Irish Nationalists instinctively wish the SNP well with next year’s referendum – an instinct which is bizarre because, looked at objectively, the SNP’s campaign is profoundly embarrassing to them. Never was this clearer than last week, when the SNP produced a near-700-page “Corporate Plan” for Scottish independence.
For what it’s worth, I found the “Plan” disappointing. It mixed up policy objectives with constitutional ones; it was based far too much on assumption (notably about the independence deal with the rest of the UK); most notably of all, it picked policy areas where distinct Scottish policy would already be possibly within the UK (after all, Northern Ireland will do away with the “bedroom tax” while remaining within the UK). In fact, I have to say, it looked to me more like a plan for “devo-max” – who knows, perhaps it was?!
For all that, it offered some sort of clear vision of what an independent Scotland would really look like. A meaningful, rational debate can now commence – advocates will no doubt point to the clarity of a Scotland maintaining its own oil, maximising its own resources, and maintaining friendly relations with its neighbours; opponents will suggest it is a hell of a risk, and will suggest that “independence” SNP-style actually means monetary policy being determined in London, social policy in Brussels, and financial policy in Frankfurt.
I wrote there that a meaningful, rational debate can now commence – this does not mean it will, of course, but it can. That is more than can be said in Ireland. I think Nick Garbutt slightly over-states how rational the Scottish debate actually is, and how emotional the Irish debate is (he is also incorrect to describe Scotland as a “net contributor” to the UK exchequer – it’s a cool two grand a head annually short of that), but fundamentally he is right – in Scotland (at least some) people can make a decision based on what is in their socio-economic interests, not what religious background they happen to come from or where their ancestors happened to live in the 16th century.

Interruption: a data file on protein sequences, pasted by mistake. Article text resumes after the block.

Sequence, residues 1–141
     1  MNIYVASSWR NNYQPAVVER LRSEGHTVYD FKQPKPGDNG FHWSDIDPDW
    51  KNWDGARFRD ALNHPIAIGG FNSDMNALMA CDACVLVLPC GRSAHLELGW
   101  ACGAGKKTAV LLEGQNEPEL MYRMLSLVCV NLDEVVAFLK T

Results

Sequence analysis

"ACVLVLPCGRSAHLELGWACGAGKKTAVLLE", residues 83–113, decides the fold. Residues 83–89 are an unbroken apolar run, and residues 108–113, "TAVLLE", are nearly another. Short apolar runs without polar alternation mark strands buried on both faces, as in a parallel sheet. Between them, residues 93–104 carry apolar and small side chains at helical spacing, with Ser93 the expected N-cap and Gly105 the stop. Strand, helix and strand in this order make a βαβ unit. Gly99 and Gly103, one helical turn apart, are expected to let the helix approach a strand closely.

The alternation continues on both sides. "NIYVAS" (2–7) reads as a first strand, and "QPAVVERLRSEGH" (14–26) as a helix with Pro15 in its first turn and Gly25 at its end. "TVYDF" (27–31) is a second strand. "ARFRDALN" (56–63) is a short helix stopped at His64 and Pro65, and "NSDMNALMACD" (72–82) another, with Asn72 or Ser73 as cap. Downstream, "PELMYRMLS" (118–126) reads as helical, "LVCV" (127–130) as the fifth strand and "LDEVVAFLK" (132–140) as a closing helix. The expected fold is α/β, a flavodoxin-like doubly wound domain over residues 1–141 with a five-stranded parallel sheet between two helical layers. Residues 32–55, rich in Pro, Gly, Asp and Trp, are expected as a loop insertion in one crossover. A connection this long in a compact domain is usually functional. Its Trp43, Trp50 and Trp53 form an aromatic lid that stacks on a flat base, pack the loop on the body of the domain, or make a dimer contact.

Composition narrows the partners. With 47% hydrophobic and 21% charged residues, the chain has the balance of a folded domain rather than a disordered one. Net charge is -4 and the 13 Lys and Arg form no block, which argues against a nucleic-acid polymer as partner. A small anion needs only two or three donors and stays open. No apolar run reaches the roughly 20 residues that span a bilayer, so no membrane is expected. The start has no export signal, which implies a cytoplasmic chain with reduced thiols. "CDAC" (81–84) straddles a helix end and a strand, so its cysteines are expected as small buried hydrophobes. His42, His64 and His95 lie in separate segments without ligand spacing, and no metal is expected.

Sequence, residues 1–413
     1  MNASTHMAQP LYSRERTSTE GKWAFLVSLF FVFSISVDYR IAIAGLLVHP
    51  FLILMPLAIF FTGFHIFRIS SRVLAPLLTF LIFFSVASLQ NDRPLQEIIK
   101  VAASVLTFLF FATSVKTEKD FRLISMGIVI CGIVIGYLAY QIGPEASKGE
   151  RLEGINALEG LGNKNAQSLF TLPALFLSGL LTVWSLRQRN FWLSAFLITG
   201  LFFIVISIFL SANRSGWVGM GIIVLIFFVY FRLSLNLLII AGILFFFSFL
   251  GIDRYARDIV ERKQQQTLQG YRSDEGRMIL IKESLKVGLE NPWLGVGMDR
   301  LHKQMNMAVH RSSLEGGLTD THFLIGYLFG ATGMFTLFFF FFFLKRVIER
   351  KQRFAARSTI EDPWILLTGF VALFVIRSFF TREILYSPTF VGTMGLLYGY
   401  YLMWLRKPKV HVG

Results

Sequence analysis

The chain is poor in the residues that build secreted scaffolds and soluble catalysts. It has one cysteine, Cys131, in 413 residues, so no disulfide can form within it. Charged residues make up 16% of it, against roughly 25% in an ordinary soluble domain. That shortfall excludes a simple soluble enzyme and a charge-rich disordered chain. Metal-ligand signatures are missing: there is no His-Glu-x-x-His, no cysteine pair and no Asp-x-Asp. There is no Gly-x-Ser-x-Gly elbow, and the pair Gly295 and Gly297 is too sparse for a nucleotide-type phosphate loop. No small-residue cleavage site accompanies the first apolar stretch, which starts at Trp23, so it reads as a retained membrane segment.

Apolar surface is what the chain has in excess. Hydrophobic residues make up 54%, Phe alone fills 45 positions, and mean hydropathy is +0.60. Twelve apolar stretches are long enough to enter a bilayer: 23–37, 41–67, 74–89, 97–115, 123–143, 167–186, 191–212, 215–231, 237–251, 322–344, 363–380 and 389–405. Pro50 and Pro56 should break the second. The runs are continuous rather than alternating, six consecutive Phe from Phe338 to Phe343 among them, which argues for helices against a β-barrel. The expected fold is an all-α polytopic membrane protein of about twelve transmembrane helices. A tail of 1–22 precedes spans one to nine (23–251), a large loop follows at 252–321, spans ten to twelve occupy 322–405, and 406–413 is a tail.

This is why it is embarrassing for Irish Nationalists. Where is Sinn Fein’s 700-page description of a true all-Ireland Republic of Equals? Where is the SDLP’s 700-page masterplan for Irish Unity? Where is the offering from Nationalists to the rest of us on the basis of true socio-economic interest?
I have long suggested (but it suits no one politically to accept) that the real distinction is that, in Scotland, an argument can be made that Scotland would be better off independent – I don’t find it particularly convincing personally, but I recognise its legitimacy. No such case can be made for Ireland. There is at least an argument, therefore, that Scotland would be better off keeping its own wealth and not contributing to pan-UK initiatives of no benefit to it; whereas all sides meekly accept Northern Ireland needs to be bailed out with a subvention regardless of its constitutional status.
Fundamentally, for any constitutional change to be seriously viable, what needs to happen is the Northern Ireland economy has to be re-balanced (or at least have a plan to be re-balanced) so it performs at least to the level of Scotland’s – otherwise everyone knows there can be no “United Ireland” (hence support for it happening tomorrow is, in reality, a paltry 4%). But I don’t see a 700-page description of how to achieve that, either…